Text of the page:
with a handpicked group of engineers, electricians and
security guards set to work in a specially designed underground
room in the De Beers Diamond Research Laboratory in Johannesburg,
South Africa. It was crucial that the room, like the special
tools needed for faceting, should be stable and strong;
nothing must rattle, everything must be tight, there should
be no mechanical vibration or variation in temperature
around the cutting table.
|For one whole
year while the right tools and technical conditions were
created, the Centenary remained unaltered and untouched.
Tolkowsky examined the stone until he knew every fissure
and crevice of it. Using the most sophisticated electronic
instruments he gazed deep into the crystal structure.
"From the moment I knew I was going to cut it,"
he said, "I became another man. A strange man. I
was looking at the stone in the day, and the stone was
looking at me at night."
first step before the diamond could be faceted was the
elimination of large cracks from the edge of the stone
running a considerable depth inside it. He decided not
to saw or cut with a laser because both methods would
heat or vibrate the diamond. Instead, he turned to the
time-honored method of kerfing by hand. It took Tolkowsky
154 days to remove about 50 carats which otherwise would
have been polished to dust. At the end was a roughly-shaped
rounded crystal about the size of a bantam's egg, weighing
about 520 carats. After that was an endless process
of drawing and measuring as possible shape designs began
to emerge. In all, thirteen different designs were presented
to the De Beers board, with the strong recommendation
they should chose a modified heart shape. Once this
recommendation had been accepted, the final process
of faceting the Centenary began in March, 1990. By January,
1991 it was nearing completion.
cutting was completed the Centenary weighed 273.85 carats,
measured 39.90 × 50.50 × 24.55 mm, and had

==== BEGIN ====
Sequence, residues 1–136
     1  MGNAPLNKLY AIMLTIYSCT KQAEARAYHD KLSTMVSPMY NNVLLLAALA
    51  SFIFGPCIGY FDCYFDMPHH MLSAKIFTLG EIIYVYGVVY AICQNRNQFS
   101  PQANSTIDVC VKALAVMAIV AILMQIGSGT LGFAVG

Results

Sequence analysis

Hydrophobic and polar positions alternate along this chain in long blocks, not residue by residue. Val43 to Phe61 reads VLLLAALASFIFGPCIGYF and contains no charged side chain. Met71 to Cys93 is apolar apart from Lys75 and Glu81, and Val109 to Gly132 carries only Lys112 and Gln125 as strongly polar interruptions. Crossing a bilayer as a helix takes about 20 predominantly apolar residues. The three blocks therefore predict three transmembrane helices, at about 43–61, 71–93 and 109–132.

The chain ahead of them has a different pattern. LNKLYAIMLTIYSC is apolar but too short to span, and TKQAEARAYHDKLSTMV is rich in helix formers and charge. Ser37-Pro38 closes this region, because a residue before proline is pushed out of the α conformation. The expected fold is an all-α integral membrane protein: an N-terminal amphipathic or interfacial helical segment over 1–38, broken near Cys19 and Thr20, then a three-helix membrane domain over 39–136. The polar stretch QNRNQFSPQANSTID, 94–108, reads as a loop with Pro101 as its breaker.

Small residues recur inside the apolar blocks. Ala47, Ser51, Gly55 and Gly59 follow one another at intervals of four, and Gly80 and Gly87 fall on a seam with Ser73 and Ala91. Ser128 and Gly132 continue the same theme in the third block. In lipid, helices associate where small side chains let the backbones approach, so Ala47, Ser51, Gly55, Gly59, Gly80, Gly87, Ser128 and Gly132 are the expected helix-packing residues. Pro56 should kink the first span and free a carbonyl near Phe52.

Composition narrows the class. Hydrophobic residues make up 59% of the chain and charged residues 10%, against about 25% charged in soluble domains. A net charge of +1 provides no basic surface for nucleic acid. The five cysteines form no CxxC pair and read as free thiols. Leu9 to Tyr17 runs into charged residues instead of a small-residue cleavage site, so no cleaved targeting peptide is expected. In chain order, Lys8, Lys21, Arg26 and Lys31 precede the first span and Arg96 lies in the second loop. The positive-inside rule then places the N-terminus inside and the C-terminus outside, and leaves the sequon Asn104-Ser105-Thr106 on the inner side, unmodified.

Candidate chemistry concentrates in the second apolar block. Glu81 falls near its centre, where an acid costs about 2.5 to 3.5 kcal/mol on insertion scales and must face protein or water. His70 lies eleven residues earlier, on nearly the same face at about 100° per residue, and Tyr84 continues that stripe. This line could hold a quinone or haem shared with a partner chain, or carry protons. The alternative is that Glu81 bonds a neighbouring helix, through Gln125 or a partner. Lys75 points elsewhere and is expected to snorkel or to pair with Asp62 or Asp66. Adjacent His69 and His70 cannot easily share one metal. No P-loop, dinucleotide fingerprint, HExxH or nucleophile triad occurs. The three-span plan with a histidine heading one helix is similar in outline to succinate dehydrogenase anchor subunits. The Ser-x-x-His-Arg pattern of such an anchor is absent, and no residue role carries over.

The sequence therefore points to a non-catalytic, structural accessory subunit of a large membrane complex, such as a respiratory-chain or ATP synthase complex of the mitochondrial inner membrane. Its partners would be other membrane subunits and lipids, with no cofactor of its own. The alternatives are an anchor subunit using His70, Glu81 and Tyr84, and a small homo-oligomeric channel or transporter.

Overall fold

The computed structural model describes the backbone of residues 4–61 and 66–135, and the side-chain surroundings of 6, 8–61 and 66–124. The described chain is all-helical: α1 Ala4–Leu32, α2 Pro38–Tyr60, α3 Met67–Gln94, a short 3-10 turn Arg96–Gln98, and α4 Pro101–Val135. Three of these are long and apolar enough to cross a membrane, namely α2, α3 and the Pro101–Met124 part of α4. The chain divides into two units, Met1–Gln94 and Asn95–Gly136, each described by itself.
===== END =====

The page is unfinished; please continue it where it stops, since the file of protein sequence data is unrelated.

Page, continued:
247 facets - 164 on the stone and 83 around its girdle.
Never before had such a high number of facets been polished
onto a diamond. In addition, two flawless pear shapes
weighing 1.47 and 1.14 carats were cut from the rough.
Amoung top-color diamonds the Centenary is surpassed
only by the Cullinan I (aka the Star of Africa) and
the Cullinan II, which were cut from the Cullinan crystal
before modern symmetrical cuts were fully developed
in the 1920's, making the Centenary the largest modern
fancy cut diamond in the world and the only one to combine
the oldest methods - such as kerfing - with the most
sophisticated modern technology in cutting. The Cullinan
diamonds are actually near-colorless, but qualify as
white diamonds. The GIA color grading letters D, E and
F qualify as colorless, and the Centenary is the best
of the three - a 'D'. This spectacular gem, which has
become the ultimate example of those qualities was shown
to the world for the first time in May, 1991. Mr. Nicholas
Oppenheimer, then Deputy Chairman of De Beers rightly
declared "Who can put a price on such a stone?"
confirming that it was insured for around $100 million.
the Centenary Diamond has since been sold is a mystery.
The De Beers Group's policy is not to dislose such information
so that the anonymity of its clients is protected. Some
day the Centenary will probably resurface, perhaps at
auction, or in a museum display housing some country's
crown jewels. Gabi Tolkowsky has since cut another large
gem of note, the Pink Sun Rise, a 29-carat pink diamond
with a facet pattern similar to the Centenary's. Also
cut the largest faceted diamond in the world - the Golden
Jubilee. Sources: Famous Diamonds by Ian Balfour, The
Nature of Diamonds by George E. Harlow, and the De Beers
the autumn of 2001, I found Gabi Tolkowsky's mailing
address on the internet, and decided to write to him.
He lives in Antwerp, Belgium, which comes as no surprise
as as this is the diamond cutting capitol of the world.
Among the questions I asked him was whether he had heard
about the Centenary Diamond selling or not. In his reply
he told me he had heard the rumor, but no one had confirmed
it to him.